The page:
This story has a moral: there is always hope. After almost three years of this adminstration we have eventually succeeded in having a decent Christmas tree, maybe in 20 years pot-holes and garbage won’t be a problem any longer of this city. We must learn to be patient and believe that a fairy one day will make things right. You’ve got to believe it, at least at Christmas time.

In the meantime, Merry Christmas everyone!!

On the Importance of Storytelling

Alexander III of Macedonia, commonly known as Alexander the Great, was 22, when he landed in Asia Minor with an army of 50.000 soldiers. Once he put his foot on shore, he symbolically stuck his spear on what for him was Asian ground and said: this land is mine”. This is the incipit of one Alessandro Baricco’s memorable lectures on the vital importance of storytelling and, of course, he chose a great story to tell in order to get his point, so let’s keep on with the narration.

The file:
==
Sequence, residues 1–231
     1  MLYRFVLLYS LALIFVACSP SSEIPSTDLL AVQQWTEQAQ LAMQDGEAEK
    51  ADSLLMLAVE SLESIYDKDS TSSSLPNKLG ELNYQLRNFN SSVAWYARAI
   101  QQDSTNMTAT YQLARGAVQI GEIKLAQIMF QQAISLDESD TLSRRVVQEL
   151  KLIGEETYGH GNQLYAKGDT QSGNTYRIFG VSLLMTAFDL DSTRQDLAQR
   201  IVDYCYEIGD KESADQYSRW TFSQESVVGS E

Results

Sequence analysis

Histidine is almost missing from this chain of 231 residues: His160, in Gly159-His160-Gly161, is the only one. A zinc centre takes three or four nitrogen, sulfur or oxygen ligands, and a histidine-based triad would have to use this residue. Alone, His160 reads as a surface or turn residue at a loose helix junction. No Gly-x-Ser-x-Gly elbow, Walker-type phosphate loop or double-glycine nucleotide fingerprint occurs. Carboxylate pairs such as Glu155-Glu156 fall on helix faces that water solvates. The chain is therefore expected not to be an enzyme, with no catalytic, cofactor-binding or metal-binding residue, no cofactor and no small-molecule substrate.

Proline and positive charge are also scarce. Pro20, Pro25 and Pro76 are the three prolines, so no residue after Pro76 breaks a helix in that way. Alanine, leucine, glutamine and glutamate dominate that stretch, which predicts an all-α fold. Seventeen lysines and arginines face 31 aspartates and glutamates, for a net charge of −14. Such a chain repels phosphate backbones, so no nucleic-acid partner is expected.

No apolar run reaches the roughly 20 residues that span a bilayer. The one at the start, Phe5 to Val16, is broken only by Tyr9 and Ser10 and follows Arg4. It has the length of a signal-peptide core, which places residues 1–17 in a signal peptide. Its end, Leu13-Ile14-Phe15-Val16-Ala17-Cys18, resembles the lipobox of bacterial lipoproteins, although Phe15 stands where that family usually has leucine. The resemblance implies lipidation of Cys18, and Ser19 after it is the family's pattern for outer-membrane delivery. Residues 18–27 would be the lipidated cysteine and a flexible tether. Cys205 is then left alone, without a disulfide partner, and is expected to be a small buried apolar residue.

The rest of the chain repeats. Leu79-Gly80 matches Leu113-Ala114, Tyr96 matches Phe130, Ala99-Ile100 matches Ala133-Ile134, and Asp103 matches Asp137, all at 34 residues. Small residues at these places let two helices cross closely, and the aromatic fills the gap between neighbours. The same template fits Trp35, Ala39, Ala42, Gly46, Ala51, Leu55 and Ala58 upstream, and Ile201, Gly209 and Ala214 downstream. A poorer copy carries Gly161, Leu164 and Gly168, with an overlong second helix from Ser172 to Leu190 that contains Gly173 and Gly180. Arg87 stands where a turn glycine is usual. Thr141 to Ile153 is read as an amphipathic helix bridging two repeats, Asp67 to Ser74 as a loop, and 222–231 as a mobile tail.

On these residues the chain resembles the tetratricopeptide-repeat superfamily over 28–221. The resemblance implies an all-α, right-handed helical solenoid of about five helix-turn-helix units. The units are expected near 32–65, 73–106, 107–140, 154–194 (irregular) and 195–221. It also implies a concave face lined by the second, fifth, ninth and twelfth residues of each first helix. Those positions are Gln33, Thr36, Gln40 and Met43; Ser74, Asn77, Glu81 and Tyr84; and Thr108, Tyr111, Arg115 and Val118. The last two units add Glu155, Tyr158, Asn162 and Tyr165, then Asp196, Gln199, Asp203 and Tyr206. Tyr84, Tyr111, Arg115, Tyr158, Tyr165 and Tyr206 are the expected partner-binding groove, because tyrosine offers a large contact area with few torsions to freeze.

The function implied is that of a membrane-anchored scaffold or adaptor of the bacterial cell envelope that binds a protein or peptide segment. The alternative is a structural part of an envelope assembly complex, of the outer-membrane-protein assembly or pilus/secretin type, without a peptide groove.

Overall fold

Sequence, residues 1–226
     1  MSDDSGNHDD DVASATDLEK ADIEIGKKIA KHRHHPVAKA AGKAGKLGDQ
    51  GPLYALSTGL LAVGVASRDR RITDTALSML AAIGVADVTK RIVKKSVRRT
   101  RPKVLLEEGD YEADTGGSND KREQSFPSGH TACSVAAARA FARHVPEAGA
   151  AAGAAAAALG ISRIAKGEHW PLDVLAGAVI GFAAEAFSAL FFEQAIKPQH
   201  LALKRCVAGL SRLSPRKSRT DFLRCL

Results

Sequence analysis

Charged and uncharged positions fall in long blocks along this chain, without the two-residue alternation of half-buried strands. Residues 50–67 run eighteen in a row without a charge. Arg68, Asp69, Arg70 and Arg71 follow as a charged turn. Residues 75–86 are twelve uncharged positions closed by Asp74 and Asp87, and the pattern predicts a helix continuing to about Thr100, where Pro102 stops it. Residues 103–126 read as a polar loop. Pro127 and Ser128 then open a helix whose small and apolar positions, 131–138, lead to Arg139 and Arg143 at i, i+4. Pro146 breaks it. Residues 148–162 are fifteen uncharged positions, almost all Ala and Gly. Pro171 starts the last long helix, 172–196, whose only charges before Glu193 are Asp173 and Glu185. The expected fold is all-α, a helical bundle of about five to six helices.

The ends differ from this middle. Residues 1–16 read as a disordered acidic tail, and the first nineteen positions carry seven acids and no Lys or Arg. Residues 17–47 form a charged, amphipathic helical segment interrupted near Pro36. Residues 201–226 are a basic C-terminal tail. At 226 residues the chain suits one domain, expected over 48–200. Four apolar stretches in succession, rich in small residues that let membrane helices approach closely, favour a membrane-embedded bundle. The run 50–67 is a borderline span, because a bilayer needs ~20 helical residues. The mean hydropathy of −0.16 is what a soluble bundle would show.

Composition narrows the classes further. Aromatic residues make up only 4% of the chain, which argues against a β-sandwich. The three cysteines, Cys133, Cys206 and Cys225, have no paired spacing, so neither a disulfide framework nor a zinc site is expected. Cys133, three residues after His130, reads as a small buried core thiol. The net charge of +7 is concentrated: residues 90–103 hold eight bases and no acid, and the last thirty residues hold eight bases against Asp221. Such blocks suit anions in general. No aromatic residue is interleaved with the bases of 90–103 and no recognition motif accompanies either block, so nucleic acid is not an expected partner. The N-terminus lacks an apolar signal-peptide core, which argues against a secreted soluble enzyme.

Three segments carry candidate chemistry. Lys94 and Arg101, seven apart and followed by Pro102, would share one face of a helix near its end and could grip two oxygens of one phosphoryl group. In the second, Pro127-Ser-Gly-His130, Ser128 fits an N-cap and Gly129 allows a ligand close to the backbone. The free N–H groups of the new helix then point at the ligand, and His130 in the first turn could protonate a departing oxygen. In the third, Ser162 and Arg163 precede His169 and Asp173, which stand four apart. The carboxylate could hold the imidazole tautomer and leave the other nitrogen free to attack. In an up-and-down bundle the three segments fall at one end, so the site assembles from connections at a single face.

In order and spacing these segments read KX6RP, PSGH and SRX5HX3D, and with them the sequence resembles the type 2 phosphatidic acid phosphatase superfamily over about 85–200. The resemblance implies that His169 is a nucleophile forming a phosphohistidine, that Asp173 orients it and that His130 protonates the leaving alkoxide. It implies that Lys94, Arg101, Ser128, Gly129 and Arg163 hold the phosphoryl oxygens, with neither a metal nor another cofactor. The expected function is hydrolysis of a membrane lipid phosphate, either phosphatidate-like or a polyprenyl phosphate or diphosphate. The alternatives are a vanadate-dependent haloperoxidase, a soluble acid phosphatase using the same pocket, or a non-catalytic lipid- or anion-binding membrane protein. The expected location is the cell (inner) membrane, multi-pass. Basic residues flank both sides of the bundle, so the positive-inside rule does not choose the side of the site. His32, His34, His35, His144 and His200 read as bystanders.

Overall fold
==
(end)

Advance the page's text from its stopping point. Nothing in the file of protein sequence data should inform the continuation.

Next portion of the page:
First of all: why did a Macedonian king claim those vast Asian territories named Persia, the greatest empire of the time? It could seem like madness at first glance, but he had a powerful reason: to save the honour of the Greeks. Long time before, the Persians had invaded Macedonia and Greece, a war which was won eventually by the Greeks, but at great expense for the people. Everything had been destroyed: villages, houses, temples. As the Persians had come there and burnt their temples, hence it was his right to conquer their land and burn theirs. Alexander had inherited this pan-Hellenic project from his father, who had hired Aristotle himself for his education. When his father died and he was awarded the generalship of Greece and used this authority to launch the campaign for the conquest of Persia.